Fashion was forwarded by Black celebrities in the late 90’s to early 2000’s. Musicians such as Aaliyah, Destiny’s Child, Missy Elliot and TLC were photographed in what would be categorized as Y2K today. Left Eye especially, was known for her cutting edge style as well as her ability to piece together iconic looks. Also the early aughts brought the rise of the “video vixen,” – models who were hired to play love interest in popular Hip-Hop and R&B music videos – who became popular in their own right, gracing magazine covers and red carpets. Along with supermodels Tyra Banks, Naomi Campbell, and Selita Eubanks, they brought urban city fashion trends to the mainstream.

They were the influencers of fashion before what would be known as the “Social Media Influencer.” Black artists have a long history of being the tastemakers in society. From mannerisms, to clothing, to media, their influence on fashion cannot be ignored.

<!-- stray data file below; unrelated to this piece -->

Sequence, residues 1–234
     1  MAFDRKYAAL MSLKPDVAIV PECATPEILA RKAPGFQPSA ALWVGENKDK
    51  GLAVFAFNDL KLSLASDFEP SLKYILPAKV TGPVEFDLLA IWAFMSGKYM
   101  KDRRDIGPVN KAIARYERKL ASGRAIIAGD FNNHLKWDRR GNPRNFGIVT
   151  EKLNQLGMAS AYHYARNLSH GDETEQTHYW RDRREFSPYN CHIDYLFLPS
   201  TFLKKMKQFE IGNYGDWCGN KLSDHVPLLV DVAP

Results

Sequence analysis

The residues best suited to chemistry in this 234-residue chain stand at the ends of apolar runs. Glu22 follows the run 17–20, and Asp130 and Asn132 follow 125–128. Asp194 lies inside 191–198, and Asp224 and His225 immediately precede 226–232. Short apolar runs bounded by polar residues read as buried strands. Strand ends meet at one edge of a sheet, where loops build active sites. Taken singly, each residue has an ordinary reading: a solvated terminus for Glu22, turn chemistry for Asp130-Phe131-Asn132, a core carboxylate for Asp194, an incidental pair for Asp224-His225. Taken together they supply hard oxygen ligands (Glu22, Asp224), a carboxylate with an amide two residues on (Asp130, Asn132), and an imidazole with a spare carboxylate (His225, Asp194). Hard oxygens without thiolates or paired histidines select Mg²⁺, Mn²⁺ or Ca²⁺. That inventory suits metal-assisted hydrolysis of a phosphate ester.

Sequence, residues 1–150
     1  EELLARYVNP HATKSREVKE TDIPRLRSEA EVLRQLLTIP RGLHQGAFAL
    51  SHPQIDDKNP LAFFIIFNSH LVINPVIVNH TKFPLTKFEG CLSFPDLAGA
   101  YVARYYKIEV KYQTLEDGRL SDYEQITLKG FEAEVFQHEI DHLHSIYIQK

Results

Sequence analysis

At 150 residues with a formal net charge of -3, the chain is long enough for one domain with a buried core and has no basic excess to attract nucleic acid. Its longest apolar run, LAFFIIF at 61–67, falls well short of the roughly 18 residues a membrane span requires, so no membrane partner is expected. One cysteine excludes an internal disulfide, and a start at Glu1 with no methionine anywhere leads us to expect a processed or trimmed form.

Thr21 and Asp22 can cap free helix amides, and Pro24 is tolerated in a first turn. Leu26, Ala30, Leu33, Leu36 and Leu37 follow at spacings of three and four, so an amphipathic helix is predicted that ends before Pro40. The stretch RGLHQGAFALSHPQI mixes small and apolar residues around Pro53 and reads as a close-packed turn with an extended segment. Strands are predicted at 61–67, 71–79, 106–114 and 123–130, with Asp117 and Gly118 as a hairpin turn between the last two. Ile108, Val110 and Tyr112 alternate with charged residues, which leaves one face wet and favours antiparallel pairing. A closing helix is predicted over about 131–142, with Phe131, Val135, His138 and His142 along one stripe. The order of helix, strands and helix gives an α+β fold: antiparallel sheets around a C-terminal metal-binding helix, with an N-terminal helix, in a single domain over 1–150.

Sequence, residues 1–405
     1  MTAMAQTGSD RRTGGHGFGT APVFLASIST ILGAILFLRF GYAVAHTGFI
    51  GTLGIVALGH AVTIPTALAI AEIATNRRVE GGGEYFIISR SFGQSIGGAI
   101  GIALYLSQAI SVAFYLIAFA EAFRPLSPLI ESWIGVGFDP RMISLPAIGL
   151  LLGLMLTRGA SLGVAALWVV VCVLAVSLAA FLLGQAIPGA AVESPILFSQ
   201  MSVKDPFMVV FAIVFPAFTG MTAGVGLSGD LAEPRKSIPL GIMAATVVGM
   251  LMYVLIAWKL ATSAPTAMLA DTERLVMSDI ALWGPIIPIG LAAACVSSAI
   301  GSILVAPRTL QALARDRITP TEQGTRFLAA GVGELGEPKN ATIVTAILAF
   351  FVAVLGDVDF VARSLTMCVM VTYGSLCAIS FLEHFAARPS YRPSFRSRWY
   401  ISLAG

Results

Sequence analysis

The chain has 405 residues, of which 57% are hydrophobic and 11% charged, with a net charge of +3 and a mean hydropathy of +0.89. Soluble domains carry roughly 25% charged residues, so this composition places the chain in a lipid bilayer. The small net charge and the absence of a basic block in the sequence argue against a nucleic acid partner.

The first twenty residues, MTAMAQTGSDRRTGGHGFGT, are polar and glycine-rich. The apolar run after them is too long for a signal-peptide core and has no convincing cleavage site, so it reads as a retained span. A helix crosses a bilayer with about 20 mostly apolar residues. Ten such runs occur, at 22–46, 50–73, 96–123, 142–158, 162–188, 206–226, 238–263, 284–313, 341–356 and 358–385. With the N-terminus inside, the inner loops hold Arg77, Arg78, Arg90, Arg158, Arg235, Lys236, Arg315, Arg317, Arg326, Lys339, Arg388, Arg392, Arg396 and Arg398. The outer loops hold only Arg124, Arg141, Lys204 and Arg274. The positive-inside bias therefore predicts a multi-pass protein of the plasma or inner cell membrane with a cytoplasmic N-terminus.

The Blueprint

Fusing influences from the 90’s, Hip-Hop and R&B were major avenues for fashion. From as early as the late 90’s with the trends of “Afrofuturism” in popular music videos, the roots of Y2K began to blossom. At the turn of a new millennium, the American general public saw a shift. The culture moved towards a new era anticipating technological and cultural advances. Creating a style which was also referred to as a “Ghetto Fabulous”, Black Americans were able to make an urban style that forwarded the fashion trends.